If there has been a realignment in European football, Jose Mourinho – a one-man trend – may yet have a say in its direction.
With good reason, the world hailed the performances of German teams last week. If Bayern Munich's performance was the more conclusive, Dortmund's was arguably even more thrilling, driven as it was by youth, energy and the club's incredible revival under the direction of Jurgen Klopp.
Dortmund overcame the news released before the first leg that Mario Götze would be signing for Bayern Munich in the summer. Since their victory, they have been told that Robert Lewandowski would be leaving for Bayern as well, or maybe Manchester United.
Klopp believes Lewandowski will stay for one more year but he was also able to shrug off the losses, at least for now. "Every year we lost one brilliant player and we get better and better and better," he said on Wednesday night.
While Götze will provide this year's profit, Klopp won't want to lose Lewandowski. Barcelona are interested in signing Mats Hummels and last Tuesday night demonstrated that they probably need him more than Dortmund.
If Madrid fail to turn the game around this week, it will be less significant than Barcelona's defeat. The power may be moving from Spain, but, precisely, it is being relinquished by Barcelona.
Real Madrid last played in a Champions League final in 2002. Without Mourinho, they have reached one semi-final since then. Without Madrid, Mourinho has reached four.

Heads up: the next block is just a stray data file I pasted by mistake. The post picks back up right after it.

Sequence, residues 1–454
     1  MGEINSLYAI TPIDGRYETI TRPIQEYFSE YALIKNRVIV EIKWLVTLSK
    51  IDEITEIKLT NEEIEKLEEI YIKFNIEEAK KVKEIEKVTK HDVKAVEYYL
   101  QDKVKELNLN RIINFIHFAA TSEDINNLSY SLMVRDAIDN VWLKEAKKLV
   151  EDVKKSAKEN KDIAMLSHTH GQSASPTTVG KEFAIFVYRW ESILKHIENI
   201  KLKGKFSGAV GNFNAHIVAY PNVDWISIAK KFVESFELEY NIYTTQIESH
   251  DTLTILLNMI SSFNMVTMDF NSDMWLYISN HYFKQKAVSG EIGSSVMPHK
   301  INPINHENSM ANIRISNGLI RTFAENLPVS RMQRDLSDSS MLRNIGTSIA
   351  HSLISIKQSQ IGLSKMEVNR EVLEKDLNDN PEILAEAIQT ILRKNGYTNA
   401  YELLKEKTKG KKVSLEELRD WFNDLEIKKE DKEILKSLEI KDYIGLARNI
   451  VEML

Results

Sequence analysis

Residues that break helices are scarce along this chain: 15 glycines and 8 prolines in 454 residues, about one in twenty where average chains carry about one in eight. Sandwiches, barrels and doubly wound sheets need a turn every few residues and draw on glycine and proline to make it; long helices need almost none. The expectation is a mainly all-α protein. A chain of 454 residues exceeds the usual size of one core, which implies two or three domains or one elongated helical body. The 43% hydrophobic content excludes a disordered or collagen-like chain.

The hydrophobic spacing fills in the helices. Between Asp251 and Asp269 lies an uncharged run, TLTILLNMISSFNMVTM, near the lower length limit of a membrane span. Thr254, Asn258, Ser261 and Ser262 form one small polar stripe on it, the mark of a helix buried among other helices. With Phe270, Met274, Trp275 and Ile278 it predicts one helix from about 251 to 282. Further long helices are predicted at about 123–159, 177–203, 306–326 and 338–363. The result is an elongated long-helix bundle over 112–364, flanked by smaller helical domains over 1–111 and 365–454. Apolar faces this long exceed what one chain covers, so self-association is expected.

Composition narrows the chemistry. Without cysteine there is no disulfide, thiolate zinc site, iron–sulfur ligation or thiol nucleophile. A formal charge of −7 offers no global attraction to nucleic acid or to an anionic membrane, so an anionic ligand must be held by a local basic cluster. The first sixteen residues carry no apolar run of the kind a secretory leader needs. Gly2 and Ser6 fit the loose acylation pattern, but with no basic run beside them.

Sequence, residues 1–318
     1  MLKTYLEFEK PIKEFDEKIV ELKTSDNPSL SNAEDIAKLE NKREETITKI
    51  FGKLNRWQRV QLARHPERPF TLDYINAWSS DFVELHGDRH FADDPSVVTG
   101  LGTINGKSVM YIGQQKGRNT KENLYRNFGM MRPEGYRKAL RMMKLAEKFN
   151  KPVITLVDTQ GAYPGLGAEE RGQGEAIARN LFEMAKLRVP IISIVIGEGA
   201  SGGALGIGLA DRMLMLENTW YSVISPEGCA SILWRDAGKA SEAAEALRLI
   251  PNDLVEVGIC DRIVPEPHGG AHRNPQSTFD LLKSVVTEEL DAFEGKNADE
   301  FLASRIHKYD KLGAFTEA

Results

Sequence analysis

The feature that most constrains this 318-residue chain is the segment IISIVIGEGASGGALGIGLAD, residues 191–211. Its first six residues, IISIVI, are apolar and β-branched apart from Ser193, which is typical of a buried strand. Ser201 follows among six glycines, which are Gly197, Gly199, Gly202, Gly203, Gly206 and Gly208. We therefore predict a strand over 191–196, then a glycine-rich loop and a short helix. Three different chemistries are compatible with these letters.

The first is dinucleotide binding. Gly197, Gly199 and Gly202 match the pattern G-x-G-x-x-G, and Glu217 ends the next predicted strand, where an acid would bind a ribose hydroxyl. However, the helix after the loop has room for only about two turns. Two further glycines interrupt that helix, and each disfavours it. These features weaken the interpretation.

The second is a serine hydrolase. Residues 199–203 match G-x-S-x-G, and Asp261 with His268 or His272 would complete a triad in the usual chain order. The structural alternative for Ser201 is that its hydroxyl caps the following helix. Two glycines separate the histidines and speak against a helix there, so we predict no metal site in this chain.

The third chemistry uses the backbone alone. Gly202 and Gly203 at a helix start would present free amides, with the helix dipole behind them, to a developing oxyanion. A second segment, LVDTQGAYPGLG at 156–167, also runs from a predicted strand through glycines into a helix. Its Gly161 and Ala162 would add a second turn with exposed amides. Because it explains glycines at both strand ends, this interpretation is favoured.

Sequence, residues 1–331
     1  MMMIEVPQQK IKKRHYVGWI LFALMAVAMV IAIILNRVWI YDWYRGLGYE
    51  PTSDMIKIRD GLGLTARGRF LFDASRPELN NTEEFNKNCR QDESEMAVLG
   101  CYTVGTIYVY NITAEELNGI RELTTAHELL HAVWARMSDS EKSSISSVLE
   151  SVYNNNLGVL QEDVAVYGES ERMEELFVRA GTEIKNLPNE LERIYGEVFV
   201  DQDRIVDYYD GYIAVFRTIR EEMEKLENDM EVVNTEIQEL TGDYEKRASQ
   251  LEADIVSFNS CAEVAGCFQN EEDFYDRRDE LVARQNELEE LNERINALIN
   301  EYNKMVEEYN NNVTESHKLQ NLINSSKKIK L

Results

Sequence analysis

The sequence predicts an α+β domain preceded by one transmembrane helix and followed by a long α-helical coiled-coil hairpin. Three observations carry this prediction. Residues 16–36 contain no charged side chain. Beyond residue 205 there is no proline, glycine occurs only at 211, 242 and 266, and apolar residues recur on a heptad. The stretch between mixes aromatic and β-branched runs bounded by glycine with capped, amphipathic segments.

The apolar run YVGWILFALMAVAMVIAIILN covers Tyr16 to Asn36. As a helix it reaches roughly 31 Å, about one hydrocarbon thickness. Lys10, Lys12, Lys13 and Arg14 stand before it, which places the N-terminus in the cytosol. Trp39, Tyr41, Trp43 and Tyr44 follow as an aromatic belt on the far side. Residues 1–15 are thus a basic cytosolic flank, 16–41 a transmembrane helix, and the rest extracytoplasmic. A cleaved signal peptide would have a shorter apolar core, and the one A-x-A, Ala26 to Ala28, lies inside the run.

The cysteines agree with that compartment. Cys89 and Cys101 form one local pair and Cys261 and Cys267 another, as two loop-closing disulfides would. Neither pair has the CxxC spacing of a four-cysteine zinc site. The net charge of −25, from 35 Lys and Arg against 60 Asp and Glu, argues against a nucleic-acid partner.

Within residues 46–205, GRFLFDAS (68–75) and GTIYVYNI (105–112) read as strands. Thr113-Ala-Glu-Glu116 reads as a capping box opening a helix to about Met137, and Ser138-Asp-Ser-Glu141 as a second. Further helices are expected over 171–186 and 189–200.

Spain dominated European football at the time of their last win. In 2000, Madrid beat Valencia in an all-Spanish final, while Italy and England have subsequently provided both finalists in the competition. Germany seems likely to be the fourth country to do so at Wembley on May 25 and there is no question that Munich have everything possible to dominate the competition, while Dortmund deserve to compete with them.
Klopp's ambition is concealed behind his disarming and goofy humour. With good reason, he appears baffled when asked if he will remain at Dortmund next season. The assumption that he must consider a move to England the inevitable next step in his career ignores the evidence of football and economics.
If Klopp left Germany for England now, it would be as if a writer left Paris in the 1920s because he heard the smart guys were heading to Boise, Idaho.
Pep Guardiola's arrival next season will give the Bundesliga their F Scott Fitzgerald, a brilliantly obsessive presence, although Mourinho still seems most suitable as Hemingway, and Germany is unlikely to be his next destination.
In the summer, Mourinho will probably return to Chelsea. He hasn't yet given up hope that he will arrive at Stamford Bridge as a European Cup winner again but it would be his most spectacular achievement.
He has not been able to impose the conditions that suit him at Madrid for a significant length of time even if there was a league victory over Barcelona last season. Iker Casillas talked last week about the change in his relationship with his manager and while there is always an intensity to Mourinho's management, usually he leaves with players weeping like Materazzi. Maybe only Ronaldo will cry this summer.
There was an indication in Mourinho's post-match comments that this squad continues to disappoint him. He spoke of the thoroughness of their preparation. Madrid knew, Mourinho said, that Dortmund – and Lewandowski – would do everything they ended up doing and they should have been able to stop them.